Middle-Age Is Near

Tali Sharot says we are optimistic because we under-respond to bad news, an effect weakest for the middle-aged, explaining why they are more pessimistic:

People of all age groups changed their beliefs more in response to good news, and they discounted bad news. Even more surprising was the finding that kids and elderly people both showed more of a bias than college students. …

From about the time we are teenagers, our sense of happiness starts to decline, hitting rock bottom in our mid-40s. (Middle-age crisis, anyone?) Then our sense of happiness miraculously starts to go up again rapidly as we grow older. …

Andrew Oswald … controlled for people being born in better times, marital status, education, employment status, income: The age pattern persisted. Even more surprising, the pattern held strong even though Oswald did not control for physical health. … Oswald tested half a million people in 72 countries, in both developing and developed nations. He observed the same pattern across all parts of the globe and across sexes. …

While women reach the bottom of the happiness barrel at 38.6 years on average, men reach it more than a decade later — at 52.9 years [but 44.5 in the U.S.] … Americans have been growing less happy since 1900. In Europe, however, happiness has been increasing steadily since 1950, after 50 years of decline. (more)

OK, but that just pushes the question back: why do middle-aged folks respond the most to bad news? An obvious functional explanation comes to my mind: In the tradeoff between (near) beliefs that support good personal decisions and (far) beliefs that present a good image to others, personal decisions matter more for the middle-aged. In general, good personal decisions matter more for those who who are more dominant, more in the productive prime of their life, and more past the early ages where long term bonds are formed, and before elderly dependence on others.

This explains the later male unhappiness peak, the US/Europe trends matching their rising/falling world dominance, and also why pretty people are more selfish and conformist. After all, happy is far, and conformity is near.

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  • jhertzli

    It looks like people are least inclined to try to give a good impression when their children are at an age when they wouldn’t believe it anyway.

  • http://www.apuffofabsurdity.blogspot.com/ Marie

    I wonder if it might have to do with knowledge of evil and eventual acceptance.  I’m 47, and I sometimes feel like I know too much to be happy.  I’ve finally got my head around the corruption in the world – particularly of leaders – and it’s pretty depressing to think we’re not likely to get out of this mess.  BUT, the light at the end of the tunnel isn’t hope for a better future, but the burgeoning development of an acceptance that human nature is pretty corruptible, always has been, and it is what it is.  No use getting tied in knots over it all – it’s bigger than me.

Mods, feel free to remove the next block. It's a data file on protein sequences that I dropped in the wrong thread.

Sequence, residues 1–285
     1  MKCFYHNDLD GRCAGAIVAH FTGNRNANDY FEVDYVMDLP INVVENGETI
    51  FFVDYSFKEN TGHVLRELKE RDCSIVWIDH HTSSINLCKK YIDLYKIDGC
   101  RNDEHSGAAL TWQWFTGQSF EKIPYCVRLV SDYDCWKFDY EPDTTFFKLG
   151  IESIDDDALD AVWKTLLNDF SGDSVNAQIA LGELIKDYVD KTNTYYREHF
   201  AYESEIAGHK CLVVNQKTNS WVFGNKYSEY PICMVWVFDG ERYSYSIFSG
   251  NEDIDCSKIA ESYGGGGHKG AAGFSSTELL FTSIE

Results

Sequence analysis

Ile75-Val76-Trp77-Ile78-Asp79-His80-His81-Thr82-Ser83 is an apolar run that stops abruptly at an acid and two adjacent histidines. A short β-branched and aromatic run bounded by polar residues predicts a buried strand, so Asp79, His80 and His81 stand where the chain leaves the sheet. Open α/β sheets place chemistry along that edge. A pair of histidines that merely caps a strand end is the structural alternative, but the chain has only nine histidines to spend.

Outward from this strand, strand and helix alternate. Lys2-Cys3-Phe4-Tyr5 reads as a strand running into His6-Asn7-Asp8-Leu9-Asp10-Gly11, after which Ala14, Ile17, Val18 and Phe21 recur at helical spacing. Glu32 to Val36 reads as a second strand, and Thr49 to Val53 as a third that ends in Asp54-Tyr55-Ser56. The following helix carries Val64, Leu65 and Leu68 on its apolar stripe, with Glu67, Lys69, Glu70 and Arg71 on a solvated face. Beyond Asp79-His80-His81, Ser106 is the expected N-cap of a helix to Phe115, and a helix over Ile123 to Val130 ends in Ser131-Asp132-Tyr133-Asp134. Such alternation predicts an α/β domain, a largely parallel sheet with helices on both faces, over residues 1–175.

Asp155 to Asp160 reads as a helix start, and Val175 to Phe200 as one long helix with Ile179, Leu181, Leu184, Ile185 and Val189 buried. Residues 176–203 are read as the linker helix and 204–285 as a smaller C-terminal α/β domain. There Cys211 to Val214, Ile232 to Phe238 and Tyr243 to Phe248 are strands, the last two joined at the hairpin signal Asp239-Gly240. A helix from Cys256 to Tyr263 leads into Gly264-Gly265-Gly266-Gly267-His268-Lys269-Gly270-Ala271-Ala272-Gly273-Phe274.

Something like that.

    • http://overcomingbias.com RobinHanson

      How does that explain people getting happier after middle-age?

      • http://www.apuffofabsurdity.blogspot.com/ Marie

        I suggest it’s a Stoic acceptance of our nature that increases happiness after middle-age – a stance of recognizing that many big problems aren’t ours to solve, and developing a tranquility in the face of it all.  

  • lemmycaution

    These guys think that there is no real u-shaped dip in happiness:

    http://andrewgelman.com/movabletype/mlm/NCER_WpNo26Jul08v2.pdf

    People who fill out a survey year after year tend to do a better job and are more honest about their level of happiness. If you look only at the new survey subjects the U-shaped dip goes away.

    Also, the u-shape is not that pronounced in the raw data anyway.

    • http://overcomingbias.com RobinHanson

      That is only one of the possible explanations discussed in that paper. 

      • http://juridicalcoherence.blogspot.com/ srdiamond

        Isn’t that response evasive, inasmuch as none of the data-driven explanations permitted the inference of a genuine U-shape?

        Skimming this data, it looks like it uses obsolete methods. “Happiness” researchers these days have much better methods, partly devised by Kahneman, for getting valid reports of hedonic states. But this conclusion could be hasty.

        It sounds reasonable that near-far follows a U shape, but it seems unlikely that this is the dominant trend. One problem is that there seems no recognized test of near-far inter-individual differences. In “You too have an optimal sentence length” ( http://tinyurl.com/7faf9nz ) I suggest than an educator’s test of global versus sequential cognitive style as a first approximation to far-near. ( http://tinyurl.com/2uxem )

        One conjecture, which goes out on quite a limb, is that using long sentences correlates with a far (or global) style. (I’m interested, on my blog or by email, in anyone’s results, the correlation with self concept of near versus far thinking, and if you really have the energy, your average sentence length.)

  • Tobias Schmidt

    There is some doubt as to whether there really is a U-shaped relationship between happiness and age: http://www.sciencedirect.com/science/article/pii/S0167268112000601

  • one of the dudes

    I think the answer is in this quote “people expect reality to make sense roughly in proportion to how personally responsible for manipulating it they feel”. Middle-aged men/women feel responsibility… from here: http://meteuphoric.wordpress.com/2012/07/29/responsibility-and-clicking/

  • http://entitledtoanopinion.wordpress.com TGGP

    Robert Wiblin argued at this very blog that the u-shaped curve of happiness is misleading: http://www.overcomingbias.com/2012/08/middle-aged-not-miserable-just-too-busy-to-answer-surveys.html